Well-spent vacation time and money are the pursuit of every savvy traveller. But booking a Kenya/Tz migration safari can be confusing. Itineraries vary, and rates range from $3000 to upwards of $10,000 for an average 10 night safari. I am often asked, “Why such a huge variance? What is the best itinerary?”
Think: timing… accommodation…location.
The biggest driver. Optimum wildlife viewing is during the dry months of July-Sept when the lack of rain forces plainsgame to migrate long distances in search for pastures. Predators are at their most active. The short grass makes it easier to spot wildlife. The drama that unfolds is unrivalled. The world treks to Kenya and Tanzania during this time, and the finite supply of accommodations is often sold out by April. During this period, rates increase by as much as 80% over the non-peak rainy months.
Results from extensive online shopping and quote-gathering for an August 2013 safari (excluding international airfare):
- Value/budget: USD2000-3500pp – basic camp-style accommodations and meals, often with shared bathrooms.
- Mid-range/standard: 3500-5500pp – comfortable permanent tented- and lodge-style accommodation and full meals.
- Luxury: USD7500pp and up. Luxurious tented and lodge accommodations, fine dining; valets, chandeliers in (tented) bathrooms etc.
Accommodation rates are also affected by location.
The closer the accommodation to the migratory path, the higher the pricing. Certain locations’ higher pricing is due to remoteness, inaccessibility, and versatility. For instance, a basic mobile-tented camp in the remote north-western corridor of Serengeti costs more than a lodge with manicured lawns in Central Serengeti because the former can set up shop closest to the migratory path.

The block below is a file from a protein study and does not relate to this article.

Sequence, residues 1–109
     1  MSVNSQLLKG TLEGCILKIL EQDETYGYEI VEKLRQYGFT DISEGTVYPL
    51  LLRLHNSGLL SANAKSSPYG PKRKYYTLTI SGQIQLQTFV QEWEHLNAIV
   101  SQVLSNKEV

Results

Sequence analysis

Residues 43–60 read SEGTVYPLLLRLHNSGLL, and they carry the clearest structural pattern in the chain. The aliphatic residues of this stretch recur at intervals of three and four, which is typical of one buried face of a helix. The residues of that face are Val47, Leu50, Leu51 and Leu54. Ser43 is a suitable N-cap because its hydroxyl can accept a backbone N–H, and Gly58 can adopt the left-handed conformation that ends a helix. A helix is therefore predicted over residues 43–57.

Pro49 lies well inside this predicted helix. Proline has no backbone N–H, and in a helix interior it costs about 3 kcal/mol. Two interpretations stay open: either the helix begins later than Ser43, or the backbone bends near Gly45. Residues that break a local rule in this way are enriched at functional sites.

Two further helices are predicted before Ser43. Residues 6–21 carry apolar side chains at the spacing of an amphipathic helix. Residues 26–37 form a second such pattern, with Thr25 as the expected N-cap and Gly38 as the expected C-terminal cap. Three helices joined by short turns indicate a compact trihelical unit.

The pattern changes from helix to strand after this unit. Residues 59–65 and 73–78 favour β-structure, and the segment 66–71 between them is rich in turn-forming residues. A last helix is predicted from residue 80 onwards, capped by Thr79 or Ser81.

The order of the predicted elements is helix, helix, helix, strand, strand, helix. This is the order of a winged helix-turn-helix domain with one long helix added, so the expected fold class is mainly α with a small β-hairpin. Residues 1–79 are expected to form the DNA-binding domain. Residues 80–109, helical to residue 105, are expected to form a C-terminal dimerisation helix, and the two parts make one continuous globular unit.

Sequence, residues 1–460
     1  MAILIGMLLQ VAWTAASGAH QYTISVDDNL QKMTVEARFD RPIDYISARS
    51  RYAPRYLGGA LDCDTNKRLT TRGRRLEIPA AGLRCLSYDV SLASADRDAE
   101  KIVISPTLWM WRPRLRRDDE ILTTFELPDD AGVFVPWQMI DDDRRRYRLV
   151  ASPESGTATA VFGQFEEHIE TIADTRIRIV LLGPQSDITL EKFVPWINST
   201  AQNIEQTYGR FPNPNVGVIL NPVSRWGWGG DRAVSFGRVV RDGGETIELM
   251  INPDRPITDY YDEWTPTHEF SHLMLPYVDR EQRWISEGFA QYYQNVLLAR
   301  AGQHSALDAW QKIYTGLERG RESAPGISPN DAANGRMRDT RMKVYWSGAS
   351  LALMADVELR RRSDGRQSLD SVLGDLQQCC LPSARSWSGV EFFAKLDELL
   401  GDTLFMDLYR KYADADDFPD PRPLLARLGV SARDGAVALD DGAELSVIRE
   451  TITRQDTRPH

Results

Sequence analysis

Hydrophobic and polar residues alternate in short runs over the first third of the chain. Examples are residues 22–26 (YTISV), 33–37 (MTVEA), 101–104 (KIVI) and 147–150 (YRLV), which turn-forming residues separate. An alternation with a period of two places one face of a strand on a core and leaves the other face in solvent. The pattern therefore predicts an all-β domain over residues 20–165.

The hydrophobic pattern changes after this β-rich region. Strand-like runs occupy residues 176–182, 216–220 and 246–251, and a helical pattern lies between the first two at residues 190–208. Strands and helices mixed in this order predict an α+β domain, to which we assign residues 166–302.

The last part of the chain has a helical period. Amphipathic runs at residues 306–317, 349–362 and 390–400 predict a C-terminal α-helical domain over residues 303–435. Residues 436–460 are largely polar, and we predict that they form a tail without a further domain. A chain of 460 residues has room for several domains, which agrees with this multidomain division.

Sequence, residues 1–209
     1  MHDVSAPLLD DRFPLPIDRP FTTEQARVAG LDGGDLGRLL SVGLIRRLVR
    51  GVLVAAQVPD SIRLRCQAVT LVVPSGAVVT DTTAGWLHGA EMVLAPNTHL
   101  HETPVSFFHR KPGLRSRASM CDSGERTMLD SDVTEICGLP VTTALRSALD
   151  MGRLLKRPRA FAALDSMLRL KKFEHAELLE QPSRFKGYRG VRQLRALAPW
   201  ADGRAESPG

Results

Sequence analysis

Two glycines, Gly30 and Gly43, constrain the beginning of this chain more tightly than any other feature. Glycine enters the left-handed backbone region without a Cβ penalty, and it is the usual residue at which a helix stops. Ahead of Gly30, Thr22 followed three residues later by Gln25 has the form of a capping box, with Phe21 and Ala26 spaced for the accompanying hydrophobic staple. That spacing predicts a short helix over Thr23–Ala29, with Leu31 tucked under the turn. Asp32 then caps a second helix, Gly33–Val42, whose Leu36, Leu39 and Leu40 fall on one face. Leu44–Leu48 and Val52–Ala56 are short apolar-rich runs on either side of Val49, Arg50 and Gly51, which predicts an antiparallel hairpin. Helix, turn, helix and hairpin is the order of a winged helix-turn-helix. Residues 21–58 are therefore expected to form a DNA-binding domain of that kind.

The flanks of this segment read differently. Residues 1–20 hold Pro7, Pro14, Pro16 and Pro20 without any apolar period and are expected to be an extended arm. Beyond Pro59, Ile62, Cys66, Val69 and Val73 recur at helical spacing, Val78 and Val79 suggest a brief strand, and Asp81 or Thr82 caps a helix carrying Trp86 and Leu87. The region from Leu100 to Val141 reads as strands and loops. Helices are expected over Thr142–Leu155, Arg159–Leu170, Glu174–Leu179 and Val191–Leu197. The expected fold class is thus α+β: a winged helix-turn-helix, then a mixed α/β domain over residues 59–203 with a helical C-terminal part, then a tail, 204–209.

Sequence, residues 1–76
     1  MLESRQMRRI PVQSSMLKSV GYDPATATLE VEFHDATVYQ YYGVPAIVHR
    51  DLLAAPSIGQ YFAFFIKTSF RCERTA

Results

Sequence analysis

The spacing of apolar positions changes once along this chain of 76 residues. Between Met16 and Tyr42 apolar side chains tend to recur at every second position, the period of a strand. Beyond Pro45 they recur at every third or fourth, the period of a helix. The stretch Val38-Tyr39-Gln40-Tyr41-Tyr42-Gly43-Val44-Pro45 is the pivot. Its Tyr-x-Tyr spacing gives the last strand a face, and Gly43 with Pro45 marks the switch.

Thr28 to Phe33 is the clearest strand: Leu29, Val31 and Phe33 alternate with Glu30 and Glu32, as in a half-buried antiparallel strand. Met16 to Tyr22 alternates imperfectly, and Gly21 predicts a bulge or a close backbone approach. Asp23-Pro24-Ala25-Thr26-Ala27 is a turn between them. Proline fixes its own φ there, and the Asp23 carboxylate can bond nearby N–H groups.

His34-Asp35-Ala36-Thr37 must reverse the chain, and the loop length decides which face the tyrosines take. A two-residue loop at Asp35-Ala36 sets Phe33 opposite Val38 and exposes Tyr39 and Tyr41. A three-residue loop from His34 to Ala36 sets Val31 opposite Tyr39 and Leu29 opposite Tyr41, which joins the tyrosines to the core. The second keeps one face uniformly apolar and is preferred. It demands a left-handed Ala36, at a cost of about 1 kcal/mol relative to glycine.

The safari portion is on an almost all-inclusive basis. Accommodation, meals, game drives, activities and often alcoholic beverages are included, as opposed to “bed and breakfast” basis of the non-safari portion. What initially seems expensive is in fact good value considering you do not spend anything more other than items of a personal nature (tipping, curio shop purchases etc)
Finally, who is organizing your trip? Who is accompanying you?
A group formed in the country of tour origin by an knowledgeable independent tour leader may be a win-win for little or no extra charge compared to what you’d pay travelling alone or in a smaller group. Independence from a tour op combined with group bargaining power can pay off in:
- better pricing
- a better range of accommodations. Tour ops make money by booking accommodations owned by the same hospitality group, giving you a cookie-cutter experience. Worse, you may not be in the right location at the right time.
- group-meets before you plonk your deposit or jet off.
- a bonus is if the tour leader travels with you…think more cross-cultural interactions, and faster handling of problems that arise on the ground. Want to visit a lakeside village off the itinerary? Tour leader can arrange. Rooms given away? Tour leader to the rescue. Guides dissuading you from a full day game drive because of xyz but in reality seems like they want time off? Tour leader will intervene on your behalf if necessary. Flights, internal transfers, lost luggage, health issues in the middle of an unknown country…who you gonna call? Your tour leader.
Oh wait…she’s right there with you!
Questions? Ask away! shilkee 26 at g mail dot com